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happy family habits #1 : Share YOUR STORY with the kids

New Series: Happy Family Habits

Last week something kind of remarkable happened to me.  I had one of those rare days where everything just seemed to be flowing. The kids and I were connecting, I was getting stuff accomplished without feeling frazzled or distracted, and the whole day through I felt… happy.  It was so wonderful that once the kids were in bed that night I sat down and took a few minutes to reflect on what we’d done differently that day to make it so.

In fact, since starting the Raising Happiness program, I find myself doing quite a bit of reflecting on what makes our family happy.  It’s my firm belief that happiness is something that can be taught to our kids – and is also something that needs to be practiced.  Happiness is, quite simply, a state of mind.

Furthermore, I believe, from practicing gratitude to carving out one-on-one time with the kids, there are intentional things families can do to be more happy together. So today we’re announcing a new series here on MPMK: Happy Family Habits.

They say it takes 21 days to form a habit (side note: research has actually shown that this number probably varies quite a bit from person to person but it’s nice and tidy for our purposes so we’re going with it). Here’s the plan – every 21 days Kristin and I are going to post a new “Happy Family Habit”.  The MPMK team will weigh in on ways we’re planning to form said habit and the rest is up to you.

I’ll do my best to remind you over the following 3 weeks to keep up your new happiness practice and at the end of that time we’ll reconvene to compare progress and start on a new habit.  Ready to get started?



photo credits: Kristin Eldridge Photography

Our first habit is to start sharing your story.  What does that mean?  Try to get into the practice of talking to your littles about your own childhood.  This is an excellent way to relate to kids of all ages as it helps them to realize that you’ve been in their shoes.  It also makes your kids feel special when you trust them with your most embarrassing, exciting, and even scary experiences.

Here’s Kristin with more on the idea…

Photos are my love language and pulling out a photo album with my children can help me remember stories about my childhood. Sometimes the stories are funny, but sometimes they are just to show the kids that they’re not alone in what they’re going through. When my oldest got into braces, my husband found a picture of him with braces (and head gear!). Seeing our boy smile through the tears of those first few days in braces was so sweet.

Another way I’m incorporating stories from my childhood is to bring them up when we are around relatives. My brother, sisters and parents will all chime in and the stories tend to build on each other. I notice my kids asking lots of questions and really getting into the idea that we were all kids just like them. And we got into the kinds of trouble they do!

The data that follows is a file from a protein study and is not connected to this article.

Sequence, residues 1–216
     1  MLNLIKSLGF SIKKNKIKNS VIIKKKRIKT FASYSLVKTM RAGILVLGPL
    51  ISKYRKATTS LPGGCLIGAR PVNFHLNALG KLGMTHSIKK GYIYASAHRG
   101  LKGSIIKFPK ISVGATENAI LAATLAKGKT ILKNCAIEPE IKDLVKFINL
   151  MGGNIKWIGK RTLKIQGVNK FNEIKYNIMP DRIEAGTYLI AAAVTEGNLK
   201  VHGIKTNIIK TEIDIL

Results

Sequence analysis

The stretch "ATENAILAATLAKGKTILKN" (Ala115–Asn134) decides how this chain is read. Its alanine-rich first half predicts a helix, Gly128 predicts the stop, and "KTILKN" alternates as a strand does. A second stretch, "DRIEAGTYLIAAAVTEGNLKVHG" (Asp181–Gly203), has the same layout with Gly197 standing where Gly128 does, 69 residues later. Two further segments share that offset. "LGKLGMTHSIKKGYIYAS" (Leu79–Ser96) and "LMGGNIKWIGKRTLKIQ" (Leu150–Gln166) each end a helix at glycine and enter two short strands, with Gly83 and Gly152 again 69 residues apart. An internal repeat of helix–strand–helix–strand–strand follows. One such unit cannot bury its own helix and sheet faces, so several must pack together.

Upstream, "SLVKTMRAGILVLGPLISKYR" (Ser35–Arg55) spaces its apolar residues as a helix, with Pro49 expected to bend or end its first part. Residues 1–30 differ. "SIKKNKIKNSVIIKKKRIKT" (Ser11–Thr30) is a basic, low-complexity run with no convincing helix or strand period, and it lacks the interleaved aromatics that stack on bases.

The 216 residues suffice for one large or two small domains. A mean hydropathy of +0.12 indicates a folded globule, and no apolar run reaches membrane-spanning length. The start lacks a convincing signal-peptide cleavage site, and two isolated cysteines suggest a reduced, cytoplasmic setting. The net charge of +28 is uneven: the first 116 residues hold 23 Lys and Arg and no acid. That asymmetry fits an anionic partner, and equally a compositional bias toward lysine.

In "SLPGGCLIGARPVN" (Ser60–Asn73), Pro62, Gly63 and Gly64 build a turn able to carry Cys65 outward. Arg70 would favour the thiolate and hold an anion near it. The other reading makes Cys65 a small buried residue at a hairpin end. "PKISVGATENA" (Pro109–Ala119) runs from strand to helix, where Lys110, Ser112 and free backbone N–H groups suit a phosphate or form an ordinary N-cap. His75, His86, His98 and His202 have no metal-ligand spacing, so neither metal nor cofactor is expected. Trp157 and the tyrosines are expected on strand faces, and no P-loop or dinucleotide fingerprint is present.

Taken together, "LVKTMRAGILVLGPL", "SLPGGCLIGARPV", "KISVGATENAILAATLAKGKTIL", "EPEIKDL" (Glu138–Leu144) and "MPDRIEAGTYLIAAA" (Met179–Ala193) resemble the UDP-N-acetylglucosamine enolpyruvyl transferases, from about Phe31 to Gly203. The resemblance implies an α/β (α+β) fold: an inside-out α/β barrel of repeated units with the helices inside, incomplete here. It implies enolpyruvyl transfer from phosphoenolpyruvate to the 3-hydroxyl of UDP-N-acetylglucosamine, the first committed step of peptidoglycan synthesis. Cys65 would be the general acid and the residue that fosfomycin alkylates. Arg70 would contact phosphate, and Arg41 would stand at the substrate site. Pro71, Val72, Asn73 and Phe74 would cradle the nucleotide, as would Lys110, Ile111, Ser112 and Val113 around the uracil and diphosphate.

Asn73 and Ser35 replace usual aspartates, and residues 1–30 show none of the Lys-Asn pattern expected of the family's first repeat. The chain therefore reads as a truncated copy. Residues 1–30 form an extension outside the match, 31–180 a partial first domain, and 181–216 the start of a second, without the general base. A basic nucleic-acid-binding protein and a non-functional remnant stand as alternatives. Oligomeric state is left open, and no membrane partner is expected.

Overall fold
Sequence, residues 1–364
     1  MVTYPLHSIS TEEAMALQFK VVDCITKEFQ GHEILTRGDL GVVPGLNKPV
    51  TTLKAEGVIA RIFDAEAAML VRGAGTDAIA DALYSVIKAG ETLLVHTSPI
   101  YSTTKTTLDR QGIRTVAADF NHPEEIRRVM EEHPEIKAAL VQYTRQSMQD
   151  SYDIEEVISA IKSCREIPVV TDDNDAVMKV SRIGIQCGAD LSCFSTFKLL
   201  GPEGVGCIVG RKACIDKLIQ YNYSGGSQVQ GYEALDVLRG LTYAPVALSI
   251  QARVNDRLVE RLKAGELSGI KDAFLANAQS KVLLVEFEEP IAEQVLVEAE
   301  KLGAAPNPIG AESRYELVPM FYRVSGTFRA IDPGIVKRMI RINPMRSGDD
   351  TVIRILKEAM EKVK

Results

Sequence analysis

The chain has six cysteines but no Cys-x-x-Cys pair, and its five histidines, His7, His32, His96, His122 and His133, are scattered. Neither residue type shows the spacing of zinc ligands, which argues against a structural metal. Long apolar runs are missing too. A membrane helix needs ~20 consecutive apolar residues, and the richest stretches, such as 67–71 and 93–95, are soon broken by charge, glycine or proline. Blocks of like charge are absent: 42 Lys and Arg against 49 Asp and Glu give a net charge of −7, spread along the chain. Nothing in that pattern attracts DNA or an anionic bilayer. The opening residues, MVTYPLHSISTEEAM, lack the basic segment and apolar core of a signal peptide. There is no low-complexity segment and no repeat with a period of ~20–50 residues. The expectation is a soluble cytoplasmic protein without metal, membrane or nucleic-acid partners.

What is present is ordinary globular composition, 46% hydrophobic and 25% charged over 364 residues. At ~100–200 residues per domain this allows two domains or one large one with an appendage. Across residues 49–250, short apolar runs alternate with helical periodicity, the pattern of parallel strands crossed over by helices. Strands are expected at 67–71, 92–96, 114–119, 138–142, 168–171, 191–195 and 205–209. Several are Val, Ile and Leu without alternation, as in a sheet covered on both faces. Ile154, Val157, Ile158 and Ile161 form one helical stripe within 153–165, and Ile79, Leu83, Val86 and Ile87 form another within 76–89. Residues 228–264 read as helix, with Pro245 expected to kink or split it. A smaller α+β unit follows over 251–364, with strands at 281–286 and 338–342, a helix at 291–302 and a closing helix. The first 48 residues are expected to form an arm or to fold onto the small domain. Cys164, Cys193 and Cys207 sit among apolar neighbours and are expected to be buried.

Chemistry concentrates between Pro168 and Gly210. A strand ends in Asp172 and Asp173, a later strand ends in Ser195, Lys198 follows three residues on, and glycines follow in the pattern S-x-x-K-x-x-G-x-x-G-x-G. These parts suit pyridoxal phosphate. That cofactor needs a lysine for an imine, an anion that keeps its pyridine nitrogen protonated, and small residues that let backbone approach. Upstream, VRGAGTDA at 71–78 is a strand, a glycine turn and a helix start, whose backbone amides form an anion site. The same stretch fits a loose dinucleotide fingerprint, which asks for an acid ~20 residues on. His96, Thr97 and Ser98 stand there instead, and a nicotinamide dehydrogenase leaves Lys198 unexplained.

When kids are younger, the idea of you being anything other than a mom is a hard concept to grasp. But as they grow, hearing your childhood stories builds trust and respect. They begin to understand that you are parenting them from a place of wisdom. We’ve walked the same road they are on today.

I hope you’ll join us of over the next few weeks and pull some of those stories out of the vault. It takes work to purposefully weave these into every day life in a genuine way, but it’s so worth the effort. Remember as kids turn into teens, we want to keep being relatable and keep them talking. We’re building the foundation that will ease them into adulthood.

As I said, now it’s on you.  Start thinking of a story to share at bedtime tonight, or go dig up that old photo album in the garage, and the next time your kiddo is sad, try to think of a relevant experience from your own childhood to share.  Holidays are also a really easy way to share.  Think back to those days when you couldn’t wait for the Easter bunny to visit your house and tell your kids a story about how you felt. Ready? Go!

P.S. If you’d like to try the Raising Happiness eCourse by Dr. Christine Carter of UC Berkeley’s Greater Good Science Center, you can register here and use the code MPMK10 for 10% off any of the 1 month modules (use code Messy10 for 10% off the full 32 week course).

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You can also view our MPMK Continuing Ed Course Catalog which contains our full review of the Raising Happiness courses, as well as info. on our preferred courses for nutrition, parenting, finances, and more.

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Kristin is a former teacher turned children’s photographer in southern California. Visit her website to read all about her adventures in photography, cooking, and her love of style.